• Wisdom Seeker says:

      Very interesting comment. Personally I don’t think this board is representative of market sentiment overall.

      Also, bullish can go to “more bullish” before mean-reverting. Ditto for bearish. It’s not as easy as asking “what’s the herd thinking”. One has to look for turning points.

      I would also add that the animal spirits are mathematically constrained by overall credit supply. It doesn’t matter how bullish you are if you can’t borrow any more to leverage your long margin up.

      So your take and Wolf’s are complementary.

  34. VegLov says:

    Thanks for this article. I work where people think I’m an idiot for taking my money out of everything and working to pay down my mortgage. I appreciate the fact that someone sees the same thing that I do.

    Thank you.

    • Old School says:

      One thing for sure about investing is looking back you could have done better. Selling out at these levels and paying down a mortgage is very logical even if it doesn’t turn out to be the best decision in hind sight. Always make sure you have adequate cash to keep making the payments. Bank can still foreclose even though you have a lot of equity in it.

    • Wisdom Seeker says:

      There are many ways to “win”. Some are faster than others, but any approach that involves saving and not losing the principal will get you there eventually.

      The ways to “lose” mostly involve being too aggressive, overleveraged and getting caught offsides when then market doesn’t go your way.

      Strongly agree with Old School that before paying down mortgage you want to have a separate savings pool of ~1 year of payments, so that if you run into difficulties you don’t lose the house. If you’re maxed out on leverage, losing the house in a downturn doesn’t hurt you so much as the bank. But when you have high equity, being forced to sell out low is a big dent.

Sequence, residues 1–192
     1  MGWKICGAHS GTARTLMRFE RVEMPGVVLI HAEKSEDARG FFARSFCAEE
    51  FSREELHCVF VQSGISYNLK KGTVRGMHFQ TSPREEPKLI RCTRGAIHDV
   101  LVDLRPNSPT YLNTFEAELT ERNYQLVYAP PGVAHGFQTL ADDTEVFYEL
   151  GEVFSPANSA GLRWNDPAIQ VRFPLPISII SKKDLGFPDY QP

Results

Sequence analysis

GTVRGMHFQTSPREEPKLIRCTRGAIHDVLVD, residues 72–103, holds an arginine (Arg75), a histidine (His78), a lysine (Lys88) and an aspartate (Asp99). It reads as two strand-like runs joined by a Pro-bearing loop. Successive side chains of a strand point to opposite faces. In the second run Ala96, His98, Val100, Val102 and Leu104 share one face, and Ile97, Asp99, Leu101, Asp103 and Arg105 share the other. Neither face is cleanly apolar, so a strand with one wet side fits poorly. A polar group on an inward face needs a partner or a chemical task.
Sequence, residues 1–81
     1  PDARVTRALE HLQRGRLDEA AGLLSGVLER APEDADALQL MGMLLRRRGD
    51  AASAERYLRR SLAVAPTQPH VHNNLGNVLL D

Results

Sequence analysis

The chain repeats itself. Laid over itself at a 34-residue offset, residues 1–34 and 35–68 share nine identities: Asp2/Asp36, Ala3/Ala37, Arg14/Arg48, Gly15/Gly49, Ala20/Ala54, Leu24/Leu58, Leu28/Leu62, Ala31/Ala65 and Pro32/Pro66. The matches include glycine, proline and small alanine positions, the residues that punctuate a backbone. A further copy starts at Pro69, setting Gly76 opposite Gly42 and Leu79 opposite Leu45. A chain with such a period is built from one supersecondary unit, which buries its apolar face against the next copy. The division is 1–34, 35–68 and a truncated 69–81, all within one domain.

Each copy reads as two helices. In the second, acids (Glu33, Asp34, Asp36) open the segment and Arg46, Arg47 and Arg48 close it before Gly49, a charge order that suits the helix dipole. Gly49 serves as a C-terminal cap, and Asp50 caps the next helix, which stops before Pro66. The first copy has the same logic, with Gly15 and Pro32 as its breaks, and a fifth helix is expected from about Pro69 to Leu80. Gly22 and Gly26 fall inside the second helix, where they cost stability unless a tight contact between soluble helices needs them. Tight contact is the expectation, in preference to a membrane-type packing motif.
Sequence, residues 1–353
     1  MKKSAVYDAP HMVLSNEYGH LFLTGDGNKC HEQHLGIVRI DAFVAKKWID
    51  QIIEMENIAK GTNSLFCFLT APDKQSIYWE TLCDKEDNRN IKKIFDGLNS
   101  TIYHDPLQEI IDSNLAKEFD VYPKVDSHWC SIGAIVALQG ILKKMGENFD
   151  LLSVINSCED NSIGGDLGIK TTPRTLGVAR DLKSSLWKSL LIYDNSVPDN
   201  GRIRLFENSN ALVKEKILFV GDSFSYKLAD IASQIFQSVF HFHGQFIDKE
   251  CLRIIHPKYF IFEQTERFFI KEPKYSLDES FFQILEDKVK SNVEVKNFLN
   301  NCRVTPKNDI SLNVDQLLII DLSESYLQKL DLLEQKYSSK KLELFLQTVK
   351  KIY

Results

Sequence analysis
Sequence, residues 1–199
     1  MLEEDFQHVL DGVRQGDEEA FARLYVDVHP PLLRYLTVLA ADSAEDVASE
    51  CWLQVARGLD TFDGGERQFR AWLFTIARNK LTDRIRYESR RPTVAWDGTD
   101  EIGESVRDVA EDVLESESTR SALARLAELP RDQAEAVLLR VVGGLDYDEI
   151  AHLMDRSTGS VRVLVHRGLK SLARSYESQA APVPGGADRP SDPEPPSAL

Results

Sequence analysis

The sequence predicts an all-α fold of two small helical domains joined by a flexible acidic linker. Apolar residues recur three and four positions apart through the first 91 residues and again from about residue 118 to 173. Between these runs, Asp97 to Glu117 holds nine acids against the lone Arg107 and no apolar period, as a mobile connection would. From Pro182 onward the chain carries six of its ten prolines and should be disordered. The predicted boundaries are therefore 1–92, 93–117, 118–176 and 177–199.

And you cannot count on home-equity products to provide cash in a tight spot. The lenders will close those up whenever many borrowers run into trouble, and you can get caught in that squeeze.

  35. Yort says:

    Wolf – what is your take on the Rand study showing that earnings have been reduced over decades to the point where companies, and not employees, are taking in most of the gains (thus hard to have a nest egg when the eggs are missing).

    Per https://www.fastcompany.com/90550015/we-were-shocked-rand-study-uncovers-massive-income-shift-to-the-top-1

    ‘We were shocked’: RAND study uncovers massive income shift to the top 1%
    The median worker should be making as much as $102,000 annually—if some $2.5 trillion wasn’t being “reverse distributed” every year away from the working class.

    • Wolf Richter says:

      Nothing new. That has been shown over the years many times. It’s the shift from labor to capital, and this money was then blown on share buybacks. Well documented. And a huge problem in this country.

  36. melissa says:

    Now that the shackles have come off everyone is moving to areas that offer a better quality of life.

    Anything Lake Tahoe is selling out.

    This holds true for other super cool places to live out of the stressful big city grind.

  37. BT says:

    Dicey enough with 2-4% bond returns + low inflation for seniors of modest means. Dreadful in these times. The Fed though is not sweating it. They are not sociologists. They focus on the big picture. For seniors of modest means, it really is increasingly continue to get near zero on bond returns and lump it, or move some of that bond money to riskier assets, assets that are richly priced already. Precious metals and Reit’s are no safe harbor. Diversifying a slice of ones investments into hedged international bonds may be worthwhile if one has decades ahead of them. Many seniors do not, and even if they manage another decade or two – medical expenses over and above Medicare (like LTC) will clean their clock. The Fed is mostly populated by very wealthy people. They will be just fine. Many of our seniors? Screwed.